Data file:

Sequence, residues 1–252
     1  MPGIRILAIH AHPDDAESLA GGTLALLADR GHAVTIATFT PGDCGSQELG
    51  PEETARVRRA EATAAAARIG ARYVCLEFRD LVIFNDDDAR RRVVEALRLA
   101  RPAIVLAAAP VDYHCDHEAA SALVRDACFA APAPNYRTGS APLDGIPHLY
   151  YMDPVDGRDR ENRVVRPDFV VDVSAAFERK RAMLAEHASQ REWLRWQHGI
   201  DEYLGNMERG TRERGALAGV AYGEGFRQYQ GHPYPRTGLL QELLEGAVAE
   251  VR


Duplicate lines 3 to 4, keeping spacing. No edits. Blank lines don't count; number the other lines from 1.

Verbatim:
    51  PEETARVRRA EATAAAARIG ARYVCLEFRD LVIFNDDDAR RRVVEALRLA
   101  RPAIVLAAAP VDYHCDHEAA SALVRDACFA APAPNYRTGS APLDGIPHLY